Bill Sharp generously shared these words with us at the Interfaith Convocation service, teaching us first a bit about Baha’is, and then sharing exerpts from texts with his thoughts.
Bahá’ís are followers of the nineteenth century Persian teacher Bahá’u’lláh who spent most of his life in exile and his last days in what is now northern Israel where the Bahá’í World Center is located. Today a terrace of gardens ascends Mount Carmel at the place he designated for the seat of a council that guides a virtual global Bahá’í congregation.
The Bahá’í Faith has roots in Shi’a Islam and the Sufi tradition but is an independent world religion with members in most of the world’s countries.
Bahá’ís believe that Bahá’u’lláh’s spiritual role is to confirms the message found in Genesis (chp. 45) that God will never leave or forsake the human race. We call this Progressive Revelation. Bahá’u’lláh said that his mission was to provide teachings for the emergence and eventual spiritual transformation of the modern world.
We are here in an interfaith gathering. Let me recite a passage from Bahá’u’lláh that speaks to the importance of such meetings:
“… [C]onsort with the followers of all religions in a spirit of friendliness and fellowship, to proclaim that which the Speaker on Sinai hath set forth, to observe fairness in all matters.
“They that are endued with sincerity and faithfulness should associate with all the peoples and kindreds of the earth with joy and radiance, inasmuch as consorting with people hath promoted and will continue to promote unity and concord, which in turn are conducive to the maintenance of order in the world and to the regeneration of nations. Blessed are such as hold fast to the cord of kindliness and tender mercy and are free from animosity and hatred.”
There is another reason I am privileged to be here tonight. My belief is that we are meant to live well and prosper physically and spiritually in this world, and germane to this is a statement from Bahá’u’lláh’s Tablet of the World:
In regards to “… that which is conducive to the advancement of mankind and to the reconstruction of the world:”
First: “It is incumbent upon the minister of the House of Justice to promote the Lesser Peace …. This matter is imperative and absolutely essential inasmuch as hostilities and conflict lie at the root of affliction and calamity.”
Second: “Languages must be reduced to one common [auxiliary] language to be taught in all the schools of the world.”
Third: “It behooveth man to adhere tenaciously unto that which will promote fellowship, kindliness and unity.”
Fourth: “Everyone, whether man or woman, should hand over to a trusted person a portion of what he or she earneth through trade, agriculture or other occupations for training and education of children….”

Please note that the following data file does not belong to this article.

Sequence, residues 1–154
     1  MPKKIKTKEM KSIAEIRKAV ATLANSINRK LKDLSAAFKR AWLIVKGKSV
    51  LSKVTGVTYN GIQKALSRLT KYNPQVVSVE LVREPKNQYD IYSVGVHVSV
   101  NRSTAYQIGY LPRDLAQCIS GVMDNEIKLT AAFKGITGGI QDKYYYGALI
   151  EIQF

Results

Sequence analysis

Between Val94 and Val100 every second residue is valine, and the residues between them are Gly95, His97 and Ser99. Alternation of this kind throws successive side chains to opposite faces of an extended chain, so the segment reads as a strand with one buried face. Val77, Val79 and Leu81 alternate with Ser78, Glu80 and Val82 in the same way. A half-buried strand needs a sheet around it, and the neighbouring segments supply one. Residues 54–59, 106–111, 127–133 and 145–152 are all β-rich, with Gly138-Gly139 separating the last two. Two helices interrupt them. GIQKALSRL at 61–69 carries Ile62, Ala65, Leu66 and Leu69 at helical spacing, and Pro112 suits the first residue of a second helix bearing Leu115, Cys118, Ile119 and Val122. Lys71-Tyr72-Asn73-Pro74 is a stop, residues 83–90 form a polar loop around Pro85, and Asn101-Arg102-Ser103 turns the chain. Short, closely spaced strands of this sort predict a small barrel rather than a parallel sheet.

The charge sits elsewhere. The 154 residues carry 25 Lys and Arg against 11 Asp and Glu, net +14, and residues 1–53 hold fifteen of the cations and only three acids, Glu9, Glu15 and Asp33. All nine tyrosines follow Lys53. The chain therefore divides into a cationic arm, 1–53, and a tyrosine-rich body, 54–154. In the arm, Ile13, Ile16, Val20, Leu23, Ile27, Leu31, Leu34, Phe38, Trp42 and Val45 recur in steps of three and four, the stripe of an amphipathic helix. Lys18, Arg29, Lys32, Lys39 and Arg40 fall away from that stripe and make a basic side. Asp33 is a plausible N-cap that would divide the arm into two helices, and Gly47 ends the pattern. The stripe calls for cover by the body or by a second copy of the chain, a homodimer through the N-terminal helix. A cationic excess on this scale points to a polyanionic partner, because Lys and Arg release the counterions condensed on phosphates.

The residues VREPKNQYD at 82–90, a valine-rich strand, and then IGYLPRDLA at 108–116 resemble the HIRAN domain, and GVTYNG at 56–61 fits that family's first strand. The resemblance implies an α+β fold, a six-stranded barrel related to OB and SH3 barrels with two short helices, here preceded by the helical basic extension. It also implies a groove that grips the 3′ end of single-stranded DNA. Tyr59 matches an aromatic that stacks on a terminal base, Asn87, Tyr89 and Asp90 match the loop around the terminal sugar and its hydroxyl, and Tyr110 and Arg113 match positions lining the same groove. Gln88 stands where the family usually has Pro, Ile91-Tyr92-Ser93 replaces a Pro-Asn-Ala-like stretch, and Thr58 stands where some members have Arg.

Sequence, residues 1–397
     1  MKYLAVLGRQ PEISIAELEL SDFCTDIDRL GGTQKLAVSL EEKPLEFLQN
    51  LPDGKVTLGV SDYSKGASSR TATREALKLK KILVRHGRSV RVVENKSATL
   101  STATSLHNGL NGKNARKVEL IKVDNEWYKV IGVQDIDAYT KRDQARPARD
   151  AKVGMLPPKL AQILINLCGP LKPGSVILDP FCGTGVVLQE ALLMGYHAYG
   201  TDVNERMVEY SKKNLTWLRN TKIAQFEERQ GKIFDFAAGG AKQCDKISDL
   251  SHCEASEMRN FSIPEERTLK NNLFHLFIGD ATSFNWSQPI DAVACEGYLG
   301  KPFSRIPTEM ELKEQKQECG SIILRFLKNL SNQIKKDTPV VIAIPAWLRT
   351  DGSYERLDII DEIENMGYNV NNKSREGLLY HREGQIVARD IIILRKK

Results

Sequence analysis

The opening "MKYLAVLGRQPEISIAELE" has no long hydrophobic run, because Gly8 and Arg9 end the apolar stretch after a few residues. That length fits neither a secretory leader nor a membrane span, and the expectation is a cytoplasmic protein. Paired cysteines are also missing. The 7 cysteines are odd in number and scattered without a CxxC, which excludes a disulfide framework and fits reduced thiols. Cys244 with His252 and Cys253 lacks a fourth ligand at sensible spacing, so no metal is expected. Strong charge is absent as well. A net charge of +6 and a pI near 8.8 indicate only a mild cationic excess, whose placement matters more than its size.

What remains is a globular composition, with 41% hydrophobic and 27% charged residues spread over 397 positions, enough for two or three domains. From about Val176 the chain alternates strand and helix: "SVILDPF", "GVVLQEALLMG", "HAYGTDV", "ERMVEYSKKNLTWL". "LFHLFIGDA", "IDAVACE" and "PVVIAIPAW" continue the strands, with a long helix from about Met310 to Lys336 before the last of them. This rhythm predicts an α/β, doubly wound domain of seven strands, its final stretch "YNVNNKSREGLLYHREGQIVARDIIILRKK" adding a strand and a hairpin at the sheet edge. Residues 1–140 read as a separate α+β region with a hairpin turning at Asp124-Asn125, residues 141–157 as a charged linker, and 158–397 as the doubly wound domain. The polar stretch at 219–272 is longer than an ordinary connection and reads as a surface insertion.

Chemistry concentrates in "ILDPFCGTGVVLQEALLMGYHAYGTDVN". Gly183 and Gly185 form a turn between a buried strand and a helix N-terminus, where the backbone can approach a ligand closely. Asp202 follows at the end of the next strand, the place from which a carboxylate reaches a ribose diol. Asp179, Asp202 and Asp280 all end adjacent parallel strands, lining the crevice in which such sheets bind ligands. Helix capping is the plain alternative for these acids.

Fifth: “Special regard must be paid to agriculture. Although it hath been mentioned in the fifth place, unquestionably it precedes the others.”
This fifth passage is relevant to me because my vocation is sustainability and because my attention increasingly turns to how we draw sustenance from God’s Good Earth. This sentiment was echoed by an American contemporary of Bahá’u’lláh’s, Ralph Waldo Emerson, who said: “Every man has an exceptional respect for tillage, and a feeling that this is the original calling of his race.”
At the heart of such passages is our respect for sustainability. To Bahá’ís, how we live during our time on the Earth is as important to our spiritual development as the life in the womb is to our physical development.
God created us to know and worship Him. The Earth seems to have been created to support life as we know it for many millions of years to come. Untold generations to be born will share our destiny of reverence to God and right living only if we fulfill our duty to God, and to them, to be good stewards.
Emerson also wrote that fortunate is the man or woman who is awakened to worship by nature. I believe that this worship is founded in the gratitude we each feel for God’s bounty of land and water and sun. It is found in the work we do as well. Bahá’u’lláh said that work performed in the spirit of service is worship. Much of our work today, perhaps the most important work we have to do, is to preserve the bounty of the Earth.
I believe that we are meant to live well, to live in community, to live in peace and to prosper on the land, to draw from it, as Bahá’u’lláh said in a letter to physicians, not only our subsistence, but our health. To do that we must learn to live sustainably, that is, to live within the means God has provided for our own well being and for that of all generations to come. The future thus starts in the present moment. It lies in our hands.